Competition from public colleges and more regulations are expected.
More regulatory oversight and competition with public colleges could be in store for the for-profit sector under the Biden administration.
The president-elect is expected to revive key Obama-era regulations on for-profits, and he has pledged to fund free college initiatives at public two- and four-year schools. That’s in addition to other proposals to give more money to private nonprofit and public colleges.
How the administration will carry out its plans, and to what extent, depends partly on whether Republicans keep Senate control. And it’s early in the transition, so much of what comes to pass for the for-profit sector will depend on who fills key leadership roles at the U.S. Department of Education, higher education observers say.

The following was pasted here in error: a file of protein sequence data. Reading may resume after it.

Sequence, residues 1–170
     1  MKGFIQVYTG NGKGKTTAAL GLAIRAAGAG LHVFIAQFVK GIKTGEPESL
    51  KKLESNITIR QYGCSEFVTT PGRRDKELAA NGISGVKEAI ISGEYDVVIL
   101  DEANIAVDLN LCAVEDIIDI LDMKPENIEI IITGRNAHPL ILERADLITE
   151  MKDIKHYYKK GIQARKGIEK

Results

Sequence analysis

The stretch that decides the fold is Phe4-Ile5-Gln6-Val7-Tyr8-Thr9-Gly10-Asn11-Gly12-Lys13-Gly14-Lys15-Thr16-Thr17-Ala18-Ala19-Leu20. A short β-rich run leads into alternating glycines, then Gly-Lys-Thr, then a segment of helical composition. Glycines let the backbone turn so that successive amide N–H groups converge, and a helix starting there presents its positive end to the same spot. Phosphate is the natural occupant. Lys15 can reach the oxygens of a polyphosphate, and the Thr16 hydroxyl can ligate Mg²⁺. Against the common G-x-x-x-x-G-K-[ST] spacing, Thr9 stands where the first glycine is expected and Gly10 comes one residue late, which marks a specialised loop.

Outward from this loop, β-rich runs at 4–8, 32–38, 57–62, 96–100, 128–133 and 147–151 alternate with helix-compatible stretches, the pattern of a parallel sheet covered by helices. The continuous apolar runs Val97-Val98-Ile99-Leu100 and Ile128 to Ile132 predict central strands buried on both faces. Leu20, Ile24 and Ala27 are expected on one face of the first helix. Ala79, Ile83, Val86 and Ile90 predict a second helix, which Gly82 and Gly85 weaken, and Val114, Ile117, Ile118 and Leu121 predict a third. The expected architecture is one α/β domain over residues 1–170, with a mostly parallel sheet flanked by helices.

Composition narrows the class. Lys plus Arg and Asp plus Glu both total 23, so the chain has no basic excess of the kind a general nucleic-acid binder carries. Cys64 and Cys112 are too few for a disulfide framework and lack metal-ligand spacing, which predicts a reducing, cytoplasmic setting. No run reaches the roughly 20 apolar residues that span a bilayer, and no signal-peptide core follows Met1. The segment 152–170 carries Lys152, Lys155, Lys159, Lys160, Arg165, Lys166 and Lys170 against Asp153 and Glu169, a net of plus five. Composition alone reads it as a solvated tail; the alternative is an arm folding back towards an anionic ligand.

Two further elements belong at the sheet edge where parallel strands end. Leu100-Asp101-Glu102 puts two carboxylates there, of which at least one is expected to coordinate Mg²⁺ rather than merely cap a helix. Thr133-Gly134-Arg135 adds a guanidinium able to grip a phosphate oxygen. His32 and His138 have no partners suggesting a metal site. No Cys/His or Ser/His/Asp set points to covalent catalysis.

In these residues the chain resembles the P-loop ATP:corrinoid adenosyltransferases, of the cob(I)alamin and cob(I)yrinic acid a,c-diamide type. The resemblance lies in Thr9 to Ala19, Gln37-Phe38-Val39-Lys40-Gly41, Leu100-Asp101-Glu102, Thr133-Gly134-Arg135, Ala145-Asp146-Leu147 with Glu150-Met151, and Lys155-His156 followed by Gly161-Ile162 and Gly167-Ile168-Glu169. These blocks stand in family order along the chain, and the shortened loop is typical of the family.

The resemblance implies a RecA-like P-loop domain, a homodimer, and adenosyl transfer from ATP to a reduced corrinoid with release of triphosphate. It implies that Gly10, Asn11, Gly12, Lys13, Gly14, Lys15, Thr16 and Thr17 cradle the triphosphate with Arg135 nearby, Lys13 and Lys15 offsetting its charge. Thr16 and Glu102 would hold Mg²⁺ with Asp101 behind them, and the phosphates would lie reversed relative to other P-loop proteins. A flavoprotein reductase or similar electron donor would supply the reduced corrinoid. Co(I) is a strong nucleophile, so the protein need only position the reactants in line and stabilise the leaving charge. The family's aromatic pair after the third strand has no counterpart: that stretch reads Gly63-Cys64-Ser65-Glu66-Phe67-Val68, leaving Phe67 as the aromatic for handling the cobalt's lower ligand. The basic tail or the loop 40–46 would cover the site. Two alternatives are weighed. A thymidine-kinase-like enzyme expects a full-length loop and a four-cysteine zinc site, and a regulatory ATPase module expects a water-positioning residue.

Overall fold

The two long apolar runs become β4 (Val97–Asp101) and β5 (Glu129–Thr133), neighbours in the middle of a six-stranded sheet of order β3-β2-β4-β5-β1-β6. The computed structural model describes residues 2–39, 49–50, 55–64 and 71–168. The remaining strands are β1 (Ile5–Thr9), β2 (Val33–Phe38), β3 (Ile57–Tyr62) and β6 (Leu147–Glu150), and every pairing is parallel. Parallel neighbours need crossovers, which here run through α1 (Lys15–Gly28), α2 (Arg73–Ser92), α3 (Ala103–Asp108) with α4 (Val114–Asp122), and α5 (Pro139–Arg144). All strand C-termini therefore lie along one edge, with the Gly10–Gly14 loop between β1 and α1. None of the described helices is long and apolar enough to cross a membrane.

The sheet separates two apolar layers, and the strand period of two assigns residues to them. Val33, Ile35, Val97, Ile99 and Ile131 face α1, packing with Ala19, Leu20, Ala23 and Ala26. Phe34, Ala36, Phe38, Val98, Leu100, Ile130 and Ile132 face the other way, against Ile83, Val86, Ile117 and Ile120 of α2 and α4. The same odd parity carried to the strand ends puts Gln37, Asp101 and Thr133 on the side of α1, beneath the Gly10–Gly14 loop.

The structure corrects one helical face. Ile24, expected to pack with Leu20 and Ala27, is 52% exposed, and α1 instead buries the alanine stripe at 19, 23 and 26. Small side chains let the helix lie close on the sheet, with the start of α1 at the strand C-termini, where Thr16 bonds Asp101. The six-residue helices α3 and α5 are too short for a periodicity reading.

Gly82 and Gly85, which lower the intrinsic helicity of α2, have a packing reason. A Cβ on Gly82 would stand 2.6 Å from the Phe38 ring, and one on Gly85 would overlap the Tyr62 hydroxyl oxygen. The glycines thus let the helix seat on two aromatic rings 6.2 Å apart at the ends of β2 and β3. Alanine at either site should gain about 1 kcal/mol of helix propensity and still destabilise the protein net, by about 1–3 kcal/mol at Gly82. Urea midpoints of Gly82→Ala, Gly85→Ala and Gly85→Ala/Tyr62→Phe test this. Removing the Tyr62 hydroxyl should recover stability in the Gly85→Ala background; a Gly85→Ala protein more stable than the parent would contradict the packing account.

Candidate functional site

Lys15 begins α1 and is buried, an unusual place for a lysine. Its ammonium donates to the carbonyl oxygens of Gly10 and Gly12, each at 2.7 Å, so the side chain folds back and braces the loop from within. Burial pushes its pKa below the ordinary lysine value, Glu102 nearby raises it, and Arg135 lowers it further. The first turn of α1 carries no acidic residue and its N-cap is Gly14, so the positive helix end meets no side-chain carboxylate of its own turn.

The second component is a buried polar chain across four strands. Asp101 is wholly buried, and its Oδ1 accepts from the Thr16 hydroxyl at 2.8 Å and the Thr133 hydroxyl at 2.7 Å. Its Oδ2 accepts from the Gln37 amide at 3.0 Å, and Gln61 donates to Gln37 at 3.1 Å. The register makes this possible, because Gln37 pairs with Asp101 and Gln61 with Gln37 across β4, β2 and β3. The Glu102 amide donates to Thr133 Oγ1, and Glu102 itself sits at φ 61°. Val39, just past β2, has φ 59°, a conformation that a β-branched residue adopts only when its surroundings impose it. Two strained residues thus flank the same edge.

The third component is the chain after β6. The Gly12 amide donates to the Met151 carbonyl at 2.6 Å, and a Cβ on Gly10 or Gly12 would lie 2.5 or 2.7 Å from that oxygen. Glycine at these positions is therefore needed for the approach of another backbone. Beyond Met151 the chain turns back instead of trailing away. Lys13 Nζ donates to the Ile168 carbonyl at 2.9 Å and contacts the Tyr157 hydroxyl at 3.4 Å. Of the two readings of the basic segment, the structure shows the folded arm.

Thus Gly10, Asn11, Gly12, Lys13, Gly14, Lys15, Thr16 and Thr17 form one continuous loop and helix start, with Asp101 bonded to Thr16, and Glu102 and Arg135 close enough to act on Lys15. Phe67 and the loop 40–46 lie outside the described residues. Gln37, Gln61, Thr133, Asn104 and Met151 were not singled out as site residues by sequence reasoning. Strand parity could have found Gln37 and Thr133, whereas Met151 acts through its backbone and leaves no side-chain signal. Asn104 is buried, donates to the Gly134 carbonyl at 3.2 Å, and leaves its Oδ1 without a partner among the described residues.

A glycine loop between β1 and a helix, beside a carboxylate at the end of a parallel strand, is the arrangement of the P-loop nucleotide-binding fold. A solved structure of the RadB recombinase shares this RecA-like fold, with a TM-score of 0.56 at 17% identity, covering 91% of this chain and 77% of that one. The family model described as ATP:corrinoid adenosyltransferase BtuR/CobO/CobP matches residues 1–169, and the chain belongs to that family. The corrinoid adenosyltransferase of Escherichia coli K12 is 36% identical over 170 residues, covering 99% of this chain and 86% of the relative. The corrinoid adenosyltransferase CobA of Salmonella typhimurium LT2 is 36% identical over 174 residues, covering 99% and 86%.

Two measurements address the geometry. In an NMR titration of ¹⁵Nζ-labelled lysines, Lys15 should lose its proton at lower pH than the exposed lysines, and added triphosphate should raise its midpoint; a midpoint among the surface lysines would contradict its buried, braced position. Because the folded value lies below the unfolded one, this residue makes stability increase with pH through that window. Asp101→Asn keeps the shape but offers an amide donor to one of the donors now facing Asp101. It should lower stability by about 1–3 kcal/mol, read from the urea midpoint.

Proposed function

The for-profit sector has also changed over the past several years, with the number of institutions and enrollment shrinking largely as a result of prior regulations that raised the bar on student outcomes. Some large for-profit college operators, meanwhile, have taken up a new business model that sees them offering services to colleges rather than running them.
“For the past four years (for-profits have) had a nice landscape to where they, I think, have felt pretty comfortable,” said Wesley Whistle, senior adviser for higher education policy and strategy at New America, a left-leaning think tank.